Andrus is more problematical. He will be eligible for free agency after the 2014 season. There are many that believe he will be with another team thereafter, if not sooner. He certainly helped fuel the speculation when he switched his agency to Scott Boras. Boras’s clients rarely re-sign with the team that developed them once they become free agents. (See Prince Fielder, see Barry Zito, see Mark Teixeira, etc., etc.)
Perhaps more realistically though, there is a question for the Rangers if keeping Andrus is the best deployment of their salary capacity. This past winter, free agent shortstop Jose Reyes signed a long term contract with the Marlins that averages more than $15 million per year in salary. Andrus would seemingly command a comparable contract. Do the Rangers really want to commit that much payroll to shortstop, when they have Profar in the fold? Profar will be playing for far less than $15 million per year, such that by going with Profar and letting Andrus walk, the Rangers will have a sizeable chunk of payroll capacity to utilize for other team needs.
Still, Andrus is such a good shortstop that it will be a sad day in Ranger history when he departs, if he does.
As for Profar’s immediate future with the Rangers, there are many unknowns. Most clubs shorten their pitching staffs for the playoffs and often look for a player with speed for their bench. Profar could be a candidate for the post season roster. However, Ranger fans should not expect a regular routine of work.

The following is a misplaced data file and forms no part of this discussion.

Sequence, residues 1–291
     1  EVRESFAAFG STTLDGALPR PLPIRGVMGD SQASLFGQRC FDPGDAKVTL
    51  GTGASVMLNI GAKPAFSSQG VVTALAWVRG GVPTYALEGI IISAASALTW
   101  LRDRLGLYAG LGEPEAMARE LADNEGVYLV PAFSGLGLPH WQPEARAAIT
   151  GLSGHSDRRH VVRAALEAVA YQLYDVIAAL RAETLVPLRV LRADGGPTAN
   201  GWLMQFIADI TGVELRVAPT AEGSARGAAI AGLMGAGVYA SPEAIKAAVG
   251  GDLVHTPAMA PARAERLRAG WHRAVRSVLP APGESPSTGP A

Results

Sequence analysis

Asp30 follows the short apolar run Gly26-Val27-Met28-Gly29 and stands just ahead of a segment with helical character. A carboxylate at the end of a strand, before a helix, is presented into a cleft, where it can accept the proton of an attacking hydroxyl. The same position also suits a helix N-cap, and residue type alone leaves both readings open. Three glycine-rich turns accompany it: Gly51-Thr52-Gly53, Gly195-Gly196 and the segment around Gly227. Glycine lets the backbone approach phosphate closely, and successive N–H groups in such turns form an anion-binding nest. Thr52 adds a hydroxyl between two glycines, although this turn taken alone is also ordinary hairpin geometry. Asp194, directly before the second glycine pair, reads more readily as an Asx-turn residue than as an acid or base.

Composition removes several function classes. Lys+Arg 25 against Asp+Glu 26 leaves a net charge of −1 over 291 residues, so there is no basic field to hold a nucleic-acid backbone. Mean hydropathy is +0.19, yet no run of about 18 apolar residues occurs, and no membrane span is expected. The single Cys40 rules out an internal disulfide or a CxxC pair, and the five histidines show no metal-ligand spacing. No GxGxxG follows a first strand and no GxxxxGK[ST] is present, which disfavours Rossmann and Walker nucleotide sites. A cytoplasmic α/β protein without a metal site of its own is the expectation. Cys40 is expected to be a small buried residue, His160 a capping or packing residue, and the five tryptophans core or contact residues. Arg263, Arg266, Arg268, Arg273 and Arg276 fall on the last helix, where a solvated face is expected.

It has been suggested that he could easily start three games a week, one at short and two at second base, with Kinsler and Andrus getting a complete day off and Kinsler DHing once a week. Sounds good on paper, but it’s a pipe dream. The Rangers are trying to win a pennant, and while many of us believe they will, the road to October baseball may not be an easy one. Oakland has won 10 games in a row and closed the gap to three games, despite the Rangers winning their last three series. In Ron Washington’s view, and this is the view Ranger fans should share, he wants to and will be playing the best lineup he can put on the field to win every game he can. That most likely does not include regular playing time for a talented 19 year-old.
DAVID MURPHY UPDATE: David Murphy woke up Monday morning ranked third in the American League in batting average at .322. He has put on a serious offensive surge since the All-Star break. In his last 17 games alone, he is hitting .458 with three home runs and 15 RBIs. His batting average has been high enough to rank among the top 10 hitters in the league for weeks now, but he did not have enough plate appearances to qualify. On Sunday in Cleveland, he came to to bat five times to give him just enough – 412 appearances. He also ranks fourth in the league in on-base percentage. For much of the year, Murphy has been overshadowed by Josh Hamilton with his 37 home runs and league leading 113 RBIs and Adrian Beltre, who managed a three home run game and a cycle two days apart; but Murphy has quietly become an important player in the Rangers’ offense.